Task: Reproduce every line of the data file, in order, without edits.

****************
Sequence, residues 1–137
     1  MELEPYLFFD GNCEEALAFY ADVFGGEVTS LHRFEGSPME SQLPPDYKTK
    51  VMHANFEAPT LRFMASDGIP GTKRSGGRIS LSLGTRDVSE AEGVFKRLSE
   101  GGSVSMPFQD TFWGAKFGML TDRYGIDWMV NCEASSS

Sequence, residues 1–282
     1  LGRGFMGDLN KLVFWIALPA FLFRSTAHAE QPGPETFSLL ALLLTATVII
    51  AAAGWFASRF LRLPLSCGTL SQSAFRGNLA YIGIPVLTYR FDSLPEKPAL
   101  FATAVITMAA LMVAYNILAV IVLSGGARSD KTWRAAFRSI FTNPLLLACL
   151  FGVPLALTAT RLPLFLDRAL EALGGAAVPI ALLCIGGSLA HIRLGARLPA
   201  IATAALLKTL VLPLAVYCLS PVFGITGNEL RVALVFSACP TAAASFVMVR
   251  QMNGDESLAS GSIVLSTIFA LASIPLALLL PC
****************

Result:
Sequence, residues 1–137
     1  MELEPYLFFD GNCEEALAFY ADVFGGEVTS LHRFEGSPME SQLPPDYKTK
    51  VMHANFEAPT LRFMASDGIP GTKRSGGRIS LSLGTRDVSE AEGVFKRLSE
   101  GGSVSMPFQD TFWGAKFGML TDRYGIDWMV NCEASSS

Sequence, residues 1–282
     1  LGRGFMGDLN KLVFWIALPA FLFRSTAHAE QPGPETFSLL ALLLTATVII
    51  AAAGWFASRF LRLPLSCGTL SQSAFRGNLA YIGIPVLTYR FDSLPEKPAL
   101  FATAVITMAA LMVAYNILAV IVLSGGARSD KTWRAAFRSI FTNPLLLACL
   151  FGVPLALTAT RLPLFLDRAL EALGGAAVPI ALLCIGGSLA HIRLGARLPA
   201  IATAALLKTL VLPLAVYCLS PVFGITGNEL RVALVFSACP TAAASFVMVR
   251  QMNGDESLAS GSIVLSTIFA LASIPLALLL PC